Steve Lyston | Don't blame poor for poverty
There are many times when things are not going right in the society, and politicians and other business interests are quick to blame the poor for the poverty that exists within the nation.
Meanwhile, other significant factors are ignored, such as who the decision-makers for the nation are and what decisions have been made regarding the nation's resources.
We fail to educate our people, yet we are quick to speak negatively about population and birth rates and agree with other external parties that population growth is our main problem. As a result, they try to bring solutions to curb that birth rate.
If we seriously want to address poverty, then why don't we look at the inequality in the distribution of resources? Why not have an amendment to the constitution that will allow us to set term limits for politicians, board members and other advisors.
How about the nation having a political system that will not stifle new builders from bringing new solutions? Are we willing to have a system in the country that does not allow for a rich versus poor scenario, but genuinely deals with equality?
Will we have a system where even the poorest among us will have an opportunity to succeed? Will we have a system where financial institutions cease to reject the business ideas of potential borrowers so that they themselves can find a way to use those ideas for their gain? Will they cease to use regulations and cease implementing laws to stop those with inventions and ideas from bringing them to the fore - while they capitalise on it for themselves? Even the credit unions are not what they used to be.
REGULATIONS TO SHACKLE
The poor are often being met with regulations to bond, bind or shackle them because the politicians and other business leaders in the nation know that once the poor become empowered financially, it would reduce the profitability of the rich. Furthermore, the poor would make better choices at the polls in choosing leaders.
How about lowering the consumption tax and increasing the minimum wage. Cut out temporary fixes like cutting grass in public places and create real jobs. Put funds into restoring broken families and carry out other more meaningful activities, such as sending social workers into communities, giving people milk powder, cornmeal and other nutritionally beneficial items.
Why not invest in building more clinics and begin to train more nurses at the community level? Give doctors duty-free concessions on SUVs, particularly if they are working in the rural areas.
Every parish should have a security checkpoint that vehicles must go through with detectors to detect illegal firearm.
For small businesses, utilities are among their biggest costs. Why not set a flat rate or have the Government subsidise those items so that they can stay afloat and grow to provide more jobs. The profits will, therefore, be kept in the country. As it stands, the profits are being channeled out of the country.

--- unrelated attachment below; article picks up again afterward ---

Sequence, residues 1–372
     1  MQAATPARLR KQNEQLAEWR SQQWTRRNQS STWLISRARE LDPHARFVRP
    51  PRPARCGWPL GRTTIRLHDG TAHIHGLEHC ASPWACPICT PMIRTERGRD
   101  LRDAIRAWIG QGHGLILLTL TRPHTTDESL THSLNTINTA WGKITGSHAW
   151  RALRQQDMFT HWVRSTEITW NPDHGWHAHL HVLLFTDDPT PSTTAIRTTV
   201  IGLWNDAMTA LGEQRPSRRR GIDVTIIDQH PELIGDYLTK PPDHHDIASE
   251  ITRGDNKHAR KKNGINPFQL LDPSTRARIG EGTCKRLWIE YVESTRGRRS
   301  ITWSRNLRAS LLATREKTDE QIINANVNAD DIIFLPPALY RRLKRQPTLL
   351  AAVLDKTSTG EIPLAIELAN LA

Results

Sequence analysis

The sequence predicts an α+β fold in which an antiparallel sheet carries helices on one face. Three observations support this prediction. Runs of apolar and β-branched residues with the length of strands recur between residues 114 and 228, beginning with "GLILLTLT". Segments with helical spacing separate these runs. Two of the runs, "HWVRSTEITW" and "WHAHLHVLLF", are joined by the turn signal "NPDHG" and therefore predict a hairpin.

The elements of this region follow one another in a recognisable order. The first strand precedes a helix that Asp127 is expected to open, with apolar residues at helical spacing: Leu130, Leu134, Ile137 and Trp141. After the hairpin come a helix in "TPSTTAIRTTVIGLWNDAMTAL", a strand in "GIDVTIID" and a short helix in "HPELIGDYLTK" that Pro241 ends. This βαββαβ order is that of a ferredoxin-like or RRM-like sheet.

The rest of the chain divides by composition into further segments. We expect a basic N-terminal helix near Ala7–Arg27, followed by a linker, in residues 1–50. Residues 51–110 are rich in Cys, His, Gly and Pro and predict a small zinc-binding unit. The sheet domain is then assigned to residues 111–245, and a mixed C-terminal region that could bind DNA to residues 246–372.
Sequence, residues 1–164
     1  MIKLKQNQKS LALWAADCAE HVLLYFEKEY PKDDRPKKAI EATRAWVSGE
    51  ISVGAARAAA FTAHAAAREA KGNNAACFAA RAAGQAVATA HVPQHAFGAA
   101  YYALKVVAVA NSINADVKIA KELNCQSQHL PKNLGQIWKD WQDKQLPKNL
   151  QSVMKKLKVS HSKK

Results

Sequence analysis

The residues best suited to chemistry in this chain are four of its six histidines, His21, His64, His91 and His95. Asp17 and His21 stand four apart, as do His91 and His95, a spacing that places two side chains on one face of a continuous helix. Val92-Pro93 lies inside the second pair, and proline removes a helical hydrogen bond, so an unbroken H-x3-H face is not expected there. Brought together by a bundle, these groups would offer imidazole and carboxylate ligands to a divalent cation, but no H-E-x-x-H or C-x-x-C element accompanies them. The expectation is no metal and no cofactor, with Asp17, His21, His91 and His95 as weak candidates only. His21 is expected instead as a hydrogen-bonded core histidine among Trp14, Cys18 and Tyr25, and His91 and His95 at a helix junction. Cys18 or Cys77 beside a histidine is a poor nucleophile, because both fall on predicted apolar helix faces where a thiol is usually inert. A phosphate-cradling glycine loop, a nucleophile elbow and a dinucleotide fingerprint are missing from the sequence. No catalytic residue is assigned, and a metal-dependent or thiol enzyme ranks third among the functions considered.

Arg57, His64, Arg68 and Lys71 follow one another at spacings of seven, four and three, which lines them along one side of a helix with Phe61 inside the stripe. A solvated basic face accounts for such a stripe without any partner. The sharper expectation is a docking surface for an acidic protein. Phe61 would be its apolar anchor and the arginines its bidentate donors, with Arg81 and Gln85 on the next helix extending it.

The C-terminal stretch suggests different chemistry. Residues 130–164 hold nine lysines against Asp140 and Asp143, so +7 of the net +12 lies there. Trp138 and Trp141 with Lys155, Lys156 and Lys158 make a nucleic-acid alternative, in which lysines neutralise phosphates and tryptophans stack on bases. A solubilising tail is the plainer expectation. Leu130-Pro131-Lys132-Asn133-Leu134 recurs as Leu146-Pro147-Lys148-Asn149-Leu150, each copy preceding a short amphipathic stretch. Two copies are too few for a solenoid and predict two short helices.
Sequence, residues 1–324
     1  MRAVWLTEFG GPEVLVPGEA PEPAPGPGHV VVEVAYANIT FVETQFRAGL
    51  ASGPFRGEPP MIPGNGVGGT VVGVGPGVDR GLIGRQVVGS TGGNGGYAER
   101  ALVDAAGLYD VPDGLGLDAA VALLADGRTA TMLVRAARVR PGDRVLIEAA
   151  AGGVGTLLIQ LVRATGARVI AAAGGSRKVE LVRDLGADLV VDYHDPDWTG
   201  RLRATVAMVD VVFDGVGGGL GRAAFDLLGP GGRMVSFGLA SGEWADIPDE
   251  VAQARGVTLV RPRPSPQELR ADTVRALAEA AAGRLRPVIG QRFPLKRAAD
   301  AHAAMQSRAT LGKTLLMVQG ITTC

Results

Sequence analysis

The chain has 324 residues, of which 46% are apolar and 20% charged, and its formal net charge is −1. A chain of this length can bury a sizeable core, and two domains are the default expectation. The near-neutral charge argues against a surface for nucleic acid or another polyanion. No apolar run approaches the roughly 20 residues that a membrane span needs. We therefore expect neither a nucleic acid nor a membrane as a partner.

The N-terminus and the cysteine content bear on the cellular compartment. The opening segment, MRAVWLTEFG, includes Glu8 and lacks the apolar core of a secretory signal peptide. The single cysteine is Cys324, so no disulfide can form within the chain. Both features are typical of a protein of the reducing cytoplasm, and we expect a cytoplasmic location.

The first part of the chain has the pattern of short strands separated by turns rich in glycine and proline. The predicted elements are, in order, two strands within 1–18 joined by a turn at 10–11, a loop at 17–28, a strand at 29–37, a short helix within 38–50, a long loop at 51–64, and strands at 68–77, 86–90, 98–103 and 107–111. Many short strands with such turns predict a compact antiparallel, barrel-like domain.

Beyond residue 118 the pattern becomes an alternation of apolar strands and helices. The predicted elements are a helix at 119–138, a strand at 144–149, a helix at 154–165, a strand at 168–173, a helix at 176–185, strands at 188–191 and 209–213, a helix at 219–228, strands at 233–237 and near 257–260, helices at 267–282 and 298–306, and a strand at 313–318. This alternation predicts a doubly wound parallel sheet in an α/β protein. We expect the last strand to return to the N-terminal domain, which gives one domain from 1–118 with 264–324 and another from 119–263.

Why are the drug lords, extortionists and those silent or hidden partners not being dealt with the way they should be, when their actions interfere with foreign exchange and trade.
FOOD FOR THOUGHT
- Provide cash and capital contribution to build more labs and research centres to study our fruits and herbs for creating more jobs and farming opportunities.
- Begin to write off the debts for the poorer class and, in particular, for the small businesses.
- Shift our number-one focus from building roads to focusing on family empowerment.
- Begin to listen to God's voice for growth and strategy. (Jeremiah 17: 5-11)
- Reduce all or eliminate some bank charges.
- Cease having two nations where there is one for the tourists and one for the local populous.
- Have free tuition for tertiary-level students studying agricultural science, social work, medicine and geology and bond them for five years to serve their country.
- Have an instant freeze on land or property divestments.
- There needs to be a major campaign to encourage people to get married.
- Begin to remove the zinc fences from the communities.
There has to be stricter laws governing the prices on property rentals and how companies price the goods that have been sitting at their landing points for over 90 days. Ex-factory prices need to be reviewed.
Have stricter laws to streamline the tourism sector and stop the all-inclusives from blocking the members of the local communities from benefiting from the tourist activities and stopping them from playing their part in building the communities.
The responsibility for the poverty does not lie solely on the shoulders of the poor. Others in society must take responsibility, too.
- Steve Lyston is a biblical economics consultant and author of several books, including 'End Time Finance' and 'The New Millionaire'.